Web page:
Ruth's son Rob is now vice president of Communications International, a company my husband George Appunn founded to teach communications skills to executives and government personnel. For eight years George and I traveled together throughout the Southeast and California offering the two-day seminar on public speaking that he had created. After his death from Lou Gehrig's Disease, I became director of the company. Later I sold the business to the Craigs. The business now has grown to 30 employees with many government contracts. They are living my husband’s dream.

As we sit around their coffee table with drinks and hors d’oeuvres, Ruth says to her son, "Rob, show Nancy how we begin our company meetings."  Rob stands up.  "A toast," he says, as we pick up our glasses, "to George.”

I am overcome.


SUE: The Craigs are a very gracious host and hostess. David is convinced that we can make it over the Rockies tomorrow with no problems. He shows me the current photos of the roads on his smart phone.

NANCY: The next morning we decide to go ahead and cross the Rockies instead of going south. We head west and experience a beautiful drive through snowy, pine-covered peaks. 

SUE: Heading west into the Rockies is a visual treat. The trees look a bit like Christmas tree that are decorated with artificially white branches, but this is the real thing. We drive past lots of ski areas with detours through Golden and Vail.

2013 Utah Scenic Calendar, available for sale at
But as beautiful as the Rockies are, when we continue west into Utah, the scenery becomes even more spectacular. I expect Indians with bows and arrows to appear on top of the rocks at any minute. Not only is it rocky, but the rocks often have been formed by winds into shapes that resemble castles or other man-made forms. And they are so colorful -- often dark red with accents of tan and black. Totally amazing!  Idaho used to be the state I thought had the best scenery, but now I must give Utah that honor.

We drive as far as a small town called Salina. Actually we never see the town. Just the cluster of franchised restaurants, motels, and gas stations that appear at the exits of all the main highways. This time we find a touted Mexican restaurant next to our motel. My eyes are bigger than my stomach, and I end up with two big plates of Mexican food. Not being a fan of Mexican food to begin with, the quality of the food is lost to me.


Bonnet - Adult
Bonnet sold at the St. George museum.
NANCY:  The day's trip from Salina takes us through an ever changing desert with miles of straight road red cliffs on either side. I get to wondering: How did the pioneers manage? I imagine months of sand and heat, water shortages, babies to care for, monotonous meals, dirty clothes. How did they do it? The words perseverance and endurance come to mind as well as the word long-suffering.

The AA travel book alerts us to the Daughters of Utah Pioneer Museum in St. George. To pay honor to those long-suffering pioneers, we swing off the highway and spend lunch time looking at photos of some of the men and women who made those long journeys. There they were, handsome and serious looking down from the walls at the two of us -- we who find a rainstorm or a hot day an annoyance. I now have greater respect for the thousands of rugged souls who rolled for months across the plains and deserts.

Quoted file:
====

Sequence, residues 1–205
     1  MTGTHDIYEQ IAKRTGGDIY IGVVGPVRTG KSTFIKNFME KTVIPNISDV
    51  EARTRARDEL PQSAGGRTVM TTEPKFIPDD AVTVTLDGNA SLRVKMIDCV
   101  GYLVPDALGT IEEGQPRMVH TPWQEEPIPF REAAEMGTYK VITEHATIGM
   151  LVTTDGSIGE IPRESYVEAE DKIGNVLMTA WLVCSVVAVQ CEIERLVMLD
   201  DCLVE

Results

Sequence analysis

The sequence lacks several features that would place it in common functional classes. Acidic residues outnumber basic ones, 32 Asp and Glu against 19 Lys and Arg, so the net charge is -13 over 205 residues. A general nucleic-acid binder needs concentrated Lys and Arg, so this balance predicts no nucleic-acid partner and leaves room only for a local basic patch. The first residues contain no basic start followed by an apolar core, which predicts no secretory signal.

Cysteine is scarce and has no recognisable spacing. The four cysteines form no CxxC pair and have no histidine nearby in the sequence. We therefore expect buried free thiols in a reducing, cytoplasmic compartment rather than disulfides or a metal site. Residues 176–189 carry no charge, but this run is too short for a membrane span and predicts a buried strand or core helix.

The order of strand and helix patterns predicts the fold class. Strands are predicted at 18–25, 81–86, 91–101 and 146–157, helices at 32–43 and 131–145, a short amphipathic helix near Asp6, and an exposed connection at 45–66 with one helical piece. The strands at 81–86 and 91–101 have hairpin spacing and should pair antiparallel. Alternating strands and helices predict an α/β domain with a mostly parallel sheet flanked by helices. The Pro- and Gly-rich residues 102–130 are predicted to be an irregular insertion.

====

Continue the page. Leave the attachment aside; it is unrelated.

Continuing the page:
SUEWe continue across the desert to Las Vegas. It is huge and complicated with maniac drivers. But we find our motel in the northwest part of town: a Marriott Courtyard, much more expensive than where we have been staying but no better. I think our best was a Best Western, but I can't remember where it was.

We find Mark and Evelyn in an attractive gated community. Mark and I both worked at the U.S. embassy in Beijing from 1995-97. Evelyn loves roses and has planted many in their yard. But her handiwork really shows in the contents of their house. While Mark worked at the embassy, Evelyn shopped.

Their house is a treasure trove of Chinese furniture, dishes, vases, silk flowers and quilts. At least two shops could be fully stocked with the contents of this house. Evelyn explains that since she is originally from the Philippines, the Chinese did not charge her Western prices.

They show us another part of Las Vegas: a casino for locals. 

NANCYTonight I make a vow. I will work for any group fighting to prohibit casinos in Florida.

Evelyn works at a casino and she takes us to a buffet dinner there. This is not the Strip I'm talking about. Area casinos circling the sprawling city cater to the outlying neighborhoods and local people. This one has a bowling alley with 64 lanes, a theater with live shows, several restaurants, an immense bingo parlor, child care, shops and an all-you-can-eat buffet for $12. The mall to end all malls.

To get to the buffet, Evelyn leads us through hundreds of slot machines, roulette tables and black jack tables, passing hundreds of elderly people staring at the colorful electronic slots. These slots are quiet, not like the old-fashioned ones with an arm to pull and coins plinking when you win.